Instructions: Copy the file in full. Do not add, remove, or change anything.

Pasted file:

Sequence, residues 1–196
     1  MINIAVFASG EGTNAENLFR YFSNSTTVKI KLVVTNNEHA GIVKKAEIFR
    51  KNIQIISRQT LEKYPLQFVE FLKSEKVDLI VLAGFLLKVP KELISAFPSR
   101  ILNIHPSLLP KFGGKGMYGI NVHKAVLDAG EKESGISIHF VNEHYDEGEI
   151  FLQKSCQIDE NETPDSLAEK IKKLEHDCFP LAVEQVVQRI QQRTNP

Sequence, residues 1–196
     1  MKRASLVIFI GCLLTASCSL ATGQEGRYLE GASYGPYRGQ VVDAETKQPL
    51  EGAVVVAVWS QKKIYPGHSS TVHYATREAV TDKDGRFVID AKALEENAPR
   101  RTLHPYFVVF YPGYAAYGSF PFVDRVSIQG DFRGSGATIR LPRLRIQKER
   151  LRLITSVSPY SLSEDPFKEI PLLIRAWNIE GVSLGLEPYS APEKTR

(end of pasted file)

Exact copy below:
Sequence, residues 1–196
     1  MINIAVFASG EGTNAENLFR YFSNSTTVKI KLVVTNNEHA GIVKKAEIFR
    51  KNIQIISRQT LEKYPLQFVE FLKSEKVDLI VLAGFLLKVP KELISAFPSR
   101  ILNIHPSLLP KFGGKGMYGI NVHKAVLDAG EKESGISIHF VNEHYDEGEI
   151  FLQKSCQIDE NETPDSLAEK IKKLEHDCFP LAVEQVVQRI QQRTNP

Sequence, residues 1–196
     1  MKRASLVIFI GCLLTASCSL ATGQEGRYLE GASYGPYRGQ VVDAETKQPL
    51  EGAVVVAVWS QKKIYPGHSS TVHYATREAV TDKDGRFVID AKALEENAPR
   101  RTLHPYFVVF YPGYAAYGSF PFVDRVSIQG DFRGSGATIR LPRLRIQKER
   151  LRLITSVSPY SLSEDPFKEI PLLIRAWNIE GVSLGLEPYS APEKTR